Thursday, 11 February 2010

Monday 8 February 2o1o:

I didnt get a good night sleep, not really worried, but more excited about starting tomorrow. This is the part I understand, the rehearsing. This is the part that I know best, so have the greatest chance of failing. I am confident, but after 7 years of waiting, needless to say I am a bit nervous.

Having met all of the actors last week, I come to the theatre ready to work. Everyone is there on time, having done their homework of reading the transcripts & the chosen quotes and are ready to se e how this play develops.

Although they dont say it, I think that they are a bit sceptical about my process – that is, I have very few pre-consieved ideas of how the play should look. I want to stress the Leadership Qualities of the Veterans as well as the Shakespearian characters, but other than that, the sky is blue. I guess that it is a bit nerve wracking, but I believe in the pressure cooker form of creating art. Two weeks and out. I would have been bored in Russia. I want to, as Anne Bogart says, 'create a crisis' in order to get it out of the way. Plus, no matter what happens, save the end of the world, the 19th of February will come and it really doesn't care about my play. Like it or not, something will have to be presented on that day – the last day of the workshop process. So, I might as well enjoy the pressure.....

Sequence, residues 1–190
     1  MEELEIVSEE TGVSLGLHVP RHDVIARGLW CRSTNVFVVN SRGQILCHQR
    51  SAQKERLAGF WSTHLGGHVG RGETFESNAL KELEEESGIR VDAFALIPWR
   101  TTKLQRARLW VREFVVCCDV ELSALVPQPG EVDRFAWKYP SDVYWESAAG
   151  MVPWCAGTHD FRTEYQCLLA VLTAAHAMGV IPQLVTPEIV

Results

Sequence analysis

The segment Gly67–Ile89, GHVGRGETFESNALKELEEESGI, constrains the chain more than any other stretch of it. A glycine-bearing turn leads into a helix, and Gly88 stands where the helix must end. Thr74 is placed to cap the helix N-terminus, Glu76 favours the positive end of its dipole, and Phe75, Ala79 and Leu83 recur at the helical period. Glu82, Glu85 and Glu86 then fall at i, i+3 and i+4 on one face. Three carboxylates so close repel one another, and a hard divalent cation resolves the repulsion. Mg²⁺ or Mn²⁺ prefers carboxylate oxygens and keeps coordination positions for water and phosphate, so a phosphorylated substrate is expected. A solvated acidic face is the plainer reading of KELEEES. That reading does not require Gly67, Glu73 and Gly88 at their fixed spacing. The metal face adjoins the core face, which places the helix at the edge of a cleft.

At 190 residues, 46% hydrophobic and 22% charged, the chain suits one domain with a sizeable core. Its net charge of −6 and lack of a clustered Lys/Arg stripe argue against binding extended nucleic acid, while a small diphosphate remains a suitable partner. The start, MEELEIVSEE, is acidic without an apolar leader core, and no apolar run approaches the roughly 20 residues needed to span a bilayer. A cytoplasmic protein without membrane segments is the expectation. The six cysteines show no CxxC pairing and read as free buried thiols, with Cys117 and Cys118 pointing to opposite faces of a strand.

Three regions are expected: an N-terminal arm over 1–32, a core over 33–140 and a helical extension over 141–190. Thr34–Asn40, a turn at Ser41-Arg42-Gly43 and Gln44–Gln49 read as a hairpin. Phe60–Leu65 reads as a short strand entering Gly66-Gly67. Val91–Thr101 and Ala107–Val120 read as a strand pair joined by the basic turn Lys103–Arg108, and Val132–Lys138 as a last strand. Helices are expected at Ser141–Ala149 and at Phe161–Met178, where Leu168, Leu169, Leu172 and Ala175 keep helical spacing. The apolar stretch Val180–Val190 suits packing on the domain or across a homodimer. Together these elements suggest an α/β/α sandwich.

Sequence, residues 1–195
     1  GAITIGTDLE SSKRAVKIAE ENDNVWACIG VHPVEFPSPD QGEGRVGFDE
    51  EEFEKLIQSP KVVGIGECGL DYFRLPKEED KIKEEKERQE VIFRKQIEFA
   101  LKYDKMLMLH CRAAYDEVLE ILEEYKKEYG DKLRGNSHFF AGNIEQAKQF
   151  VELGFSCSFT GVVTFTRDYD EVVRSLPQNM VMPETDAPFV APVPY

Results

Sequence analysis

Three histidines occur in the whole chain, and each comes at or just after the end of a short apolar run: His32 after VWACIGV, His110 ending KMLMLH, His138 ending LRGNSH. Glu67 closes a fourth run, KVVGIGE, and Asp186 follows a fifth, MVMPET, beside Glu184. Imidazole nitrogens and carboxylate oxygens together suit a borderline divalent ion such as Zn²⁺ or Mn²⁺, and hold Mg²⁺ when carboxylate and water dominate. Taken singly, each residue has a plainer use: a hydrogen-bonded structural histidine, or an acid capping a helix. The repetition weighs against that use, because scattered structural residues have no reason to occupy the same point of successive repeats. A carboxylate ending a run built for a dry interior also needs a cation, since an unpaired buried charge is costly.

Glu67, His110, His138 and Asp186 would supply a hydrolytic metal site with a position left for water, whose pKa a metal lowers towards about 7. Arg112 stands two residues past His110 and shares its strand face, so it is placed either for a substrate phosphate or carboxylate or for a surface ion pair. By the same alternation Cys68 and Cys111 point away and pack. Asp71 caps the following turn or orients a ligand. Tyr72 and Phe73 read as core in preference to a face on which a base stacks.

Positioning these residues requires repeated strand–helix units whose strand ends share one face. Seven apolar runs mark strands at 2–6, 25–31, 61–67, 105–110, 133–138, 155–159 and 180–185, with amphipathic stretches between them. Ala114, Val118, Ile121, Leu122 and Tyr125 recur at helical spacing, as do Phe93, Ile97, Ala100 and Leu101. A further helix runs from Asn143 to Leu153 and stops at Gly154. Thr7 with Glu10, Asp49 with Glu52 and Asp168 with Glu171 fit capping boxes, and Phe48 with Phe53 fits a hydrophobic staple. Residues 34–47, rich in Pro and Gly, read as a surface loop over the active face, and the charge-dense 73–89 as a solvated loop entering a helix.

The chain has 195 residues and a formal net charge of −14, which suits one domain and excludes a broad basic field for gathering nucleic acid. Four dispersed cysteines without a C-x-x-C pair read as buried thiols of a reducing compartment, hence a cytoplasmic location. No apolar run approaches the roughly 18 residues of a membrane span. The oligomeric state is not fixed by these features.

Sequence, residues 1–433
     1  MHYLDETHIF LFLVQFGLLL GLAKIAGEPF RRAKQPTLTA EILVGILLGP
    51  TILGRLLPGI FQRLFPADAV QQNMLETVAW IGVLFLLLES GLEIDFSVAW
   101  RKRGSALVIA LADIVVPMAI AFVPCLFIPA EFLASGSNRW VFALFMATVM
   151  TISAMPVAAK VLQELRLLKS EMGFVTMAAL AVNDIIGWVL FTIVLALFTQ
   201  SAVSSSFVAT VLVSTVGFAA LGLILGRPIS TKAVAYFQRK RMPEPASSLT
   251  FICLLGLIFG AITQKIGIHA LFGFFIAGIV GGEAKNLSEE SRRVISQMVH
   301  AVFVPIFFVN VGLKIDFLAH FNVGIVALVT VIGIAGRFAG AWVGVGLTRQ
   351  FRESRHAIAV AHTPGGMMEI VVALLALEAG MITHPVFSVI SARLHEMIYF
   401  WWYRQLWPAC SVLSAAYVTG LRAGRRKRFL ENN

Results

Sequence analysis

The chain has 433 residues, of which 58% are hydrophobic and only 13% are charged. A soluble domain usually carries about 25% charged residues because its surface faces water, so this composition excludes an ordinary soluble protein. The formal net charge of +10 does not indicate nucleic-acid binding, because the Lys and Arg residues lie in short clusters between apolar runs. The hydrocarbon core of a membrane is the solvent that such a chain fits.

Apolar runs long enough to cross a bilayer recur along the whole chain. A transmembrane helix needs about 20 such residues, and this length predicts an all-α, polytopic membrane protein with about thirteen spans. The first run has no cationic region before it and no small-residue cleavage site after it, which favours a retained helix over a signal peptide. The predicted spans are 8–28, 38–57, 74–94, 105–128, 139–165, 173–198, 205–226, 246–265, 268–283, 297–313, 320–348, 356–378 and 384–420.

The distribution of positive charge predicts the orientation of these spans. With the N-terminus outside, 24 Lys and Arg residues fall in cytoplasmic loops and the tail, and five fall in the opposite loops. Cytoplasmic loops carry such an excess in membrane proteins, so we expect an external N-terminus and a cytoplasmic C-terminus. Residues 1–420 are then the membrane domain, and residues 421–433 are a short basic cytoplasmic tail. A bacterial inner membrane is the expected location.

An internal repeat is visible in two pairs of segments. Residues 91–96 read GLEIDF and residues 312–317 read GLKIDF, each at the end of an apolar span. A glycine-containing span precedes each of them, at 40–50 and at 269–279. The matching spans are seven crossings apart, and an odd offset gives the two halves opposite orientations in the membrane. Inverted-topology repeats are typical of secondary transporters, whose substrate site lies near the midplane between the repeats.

We begin the morning gently with a reading of the transcripts – we start with Kwede, Andrew& Ahmed, from the first interview conducted during the Research Phase in 2008

They had this to say at that time,

Ahmed Kathrada:
My trouble is, as I pointed out immediately, I just can’t imagine myself having chosen that passage. I don’t understand the passage. I don’t know what to say about it One has to read it in its context. I mean, I have got my Complete Works here which was with me on the island where I marked hundreds of passages - just things that I liked. This passage is not there. The passage made no impact on me. Years and years ago, I went through very hurriedly the Complete Works when I had nothing else to do, but there were passages that made an impact, which I can't off hand remember. Some of them of course I do... Off hand I remember, because I quoted it at the memorial service of Walter Sizulu, a former Robben Islander. I quoted that, 'His life was gentle; and the elements; So mixed in him, that Nature might stand up, And say to all the world, THIS WAS A MAN!

Andrew Mlengeni:
I agree with what Kathrada is saying. We were ill prepared for this interview especially because I don’t think that we were well informed as to what it is that you people want. What do you want us to do and so on and so forth. I said over the telephone this morning, I just had no idea, I said, 'What is this 'Robben Island Bible' ? What is it that people want to do? The quotation mentioned there was not chosen by me. Although somebody says that I marked it some years back. I don’t know the reason for me for choosing that quotation. But the one that I do slightly, I was trying to look for it right now and I can't find it - the one quotation that I always liked was the one that says, 'uneasy that lies the head that wears the crown.' And I understood that at that time, I don’t know if my understanding was correct but if you are a king.... today you can talk of the President... of a country.... but if you are a king, you you you don’t ever feel safe. You are always saying, 'Who's plotting to bring me down? Who's plotting against me?'

Kwede Mkalipi: